Apple Will Ask Supreme Court to Hear its Ebooks Price-Fixing Case

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Defying the expectations and desires of some—who thought it might be time to move on—Apple will ask the U.S. Supreme Court to overturn a federal judge’s finding that it conspired to fix the prices of ebooks when it launched its original iPad and iBook store in January 2010.

Apple’s intent to seek the High Court’s review is revealed in a Supreme Court docket entry indicating that a motion was filed Wednesday seeking a 30-day extension of time—until October 28—for filing a petition for certiorari. A cert petition is the formal submission that initiates that process of seeking Supreme Court review. (The Apple attorney on the submission is former Solicitor General Seth Waxman of WilmerHale, according to the docket entry.)

In July 2013, U.S. District Judge Denise Cote found Apple liable after a bench trial (that is, sitting without a jury). Judge Cote’s ruling against Apple was upheld this past June, 2-1, by a panel of the U.S. Court of Appeals for the Second Circuit.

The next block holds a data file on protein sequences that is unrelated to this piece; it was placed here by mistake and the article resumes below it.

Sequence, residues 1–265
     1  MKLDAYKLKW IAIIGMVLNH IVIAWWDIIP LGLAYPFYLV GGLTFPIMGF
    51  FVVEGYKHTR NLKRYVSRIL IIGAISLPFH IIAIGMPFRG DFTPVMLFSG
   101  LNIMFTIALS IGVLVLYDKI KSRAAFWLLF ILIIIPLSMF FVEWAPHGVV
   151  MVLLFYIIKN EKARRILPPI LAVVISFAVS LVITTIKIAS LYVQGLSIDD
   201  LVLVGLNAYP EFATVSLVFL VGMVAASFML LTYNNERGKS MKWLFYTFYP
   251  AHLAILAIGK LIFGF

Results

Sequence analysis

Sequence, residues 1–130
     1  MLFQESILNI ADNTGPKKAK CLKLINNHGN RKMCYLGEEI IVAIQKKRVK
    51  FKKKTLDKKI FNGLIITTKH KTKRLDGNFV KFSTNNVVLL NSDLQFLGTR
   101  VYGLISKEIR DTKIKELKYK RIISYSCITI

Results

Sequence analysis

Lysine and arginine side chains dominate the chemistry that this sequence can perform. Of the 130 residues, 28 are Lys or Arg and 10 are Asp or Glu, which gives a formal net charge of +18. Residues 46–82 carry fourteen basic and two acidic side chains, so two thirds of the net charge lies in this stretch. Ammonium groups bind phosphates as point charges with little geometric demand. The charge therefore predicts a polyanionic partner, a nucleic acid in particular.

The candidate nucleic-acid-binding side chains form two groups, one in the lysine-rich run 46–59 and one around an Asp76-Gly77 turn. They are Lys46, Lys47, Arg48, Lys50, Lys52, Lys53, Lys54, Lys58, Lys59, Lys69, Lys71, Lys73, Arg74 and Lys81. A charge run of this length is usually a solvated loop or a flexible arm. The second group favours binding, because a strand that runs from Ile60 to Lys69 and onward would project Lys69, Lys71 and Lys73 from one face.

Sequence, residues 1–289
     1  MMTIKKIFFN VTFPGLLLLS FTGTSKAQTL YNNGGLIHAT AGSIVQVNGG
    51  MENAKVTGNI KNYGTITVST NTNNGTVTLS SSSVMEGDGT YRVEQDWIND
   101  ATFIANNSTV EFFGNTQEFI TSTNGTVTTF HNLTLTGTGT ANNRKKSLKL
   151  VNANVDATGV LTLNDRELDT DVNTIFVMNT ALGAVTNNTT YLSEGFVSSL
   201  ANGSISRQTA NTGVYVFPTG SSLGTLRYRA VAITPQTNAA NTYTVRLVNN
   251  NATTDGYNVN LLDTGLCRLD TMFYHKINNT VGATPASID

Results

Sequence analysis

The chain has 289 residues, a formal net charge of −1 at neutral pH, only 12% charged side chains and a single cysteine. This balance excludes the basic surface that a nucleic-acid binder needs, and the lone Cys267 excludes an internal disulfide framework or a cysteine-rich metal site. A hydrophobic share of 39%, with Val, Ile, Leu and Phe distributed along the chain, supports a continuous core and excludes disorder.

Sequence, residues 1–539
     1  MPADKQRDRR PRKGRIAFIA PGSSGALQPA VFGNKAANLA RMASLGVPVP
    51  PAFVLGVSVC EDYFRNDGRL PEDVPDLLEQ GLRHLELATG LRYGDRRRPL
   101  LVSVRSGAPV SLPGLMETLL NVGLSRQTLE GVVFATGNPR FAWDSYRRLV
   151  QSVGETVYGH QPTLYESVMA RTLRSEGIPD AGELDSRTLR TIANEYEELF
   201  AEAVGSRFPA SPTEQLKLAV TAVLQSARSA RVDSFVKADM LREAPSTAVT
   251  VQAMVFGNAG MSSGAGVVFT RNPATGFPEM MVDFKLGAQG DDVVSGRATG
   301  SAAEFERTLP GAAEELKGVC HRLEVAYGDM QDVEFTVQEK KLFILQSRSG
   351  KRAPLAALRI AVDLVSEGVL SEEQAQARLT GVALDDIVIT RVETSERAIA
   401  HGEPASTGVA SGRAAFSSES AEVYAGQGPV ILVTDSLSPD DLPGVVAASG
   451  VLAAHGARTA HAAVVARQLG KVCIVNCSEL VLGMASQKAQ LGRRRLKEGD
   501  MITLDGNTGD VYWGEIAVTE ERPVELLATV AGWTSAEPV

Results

At the time of the appellate loss, Apple’s press statement hinted that it might take this step: “While we want to put this behind us,” the company asserted at the time, “the case is about principles and values. We know we did nothing wrong back in 2010 and are assessing next steps.”

The financial stakes for Apple at this point are fairly modest for a company of its size. Under a contingent settlement previously worked out with private class action lawyers and state attorneys general, if the Supreme Court either denies review or upholds the judgment after hearing it, Apple will pay $450 million to resolve its antitrust liabilities.

The case arose from the way Apple entered the market for ebooks on a very compressed schedule between November 2009 and January 2010, just before then CEO Steve Jobs launched the original iPad, which included an iBooks store. (For more detail, I wrote a feature story about the case here.)

This post will be updated as soon as Fortune gains access to the application itself.

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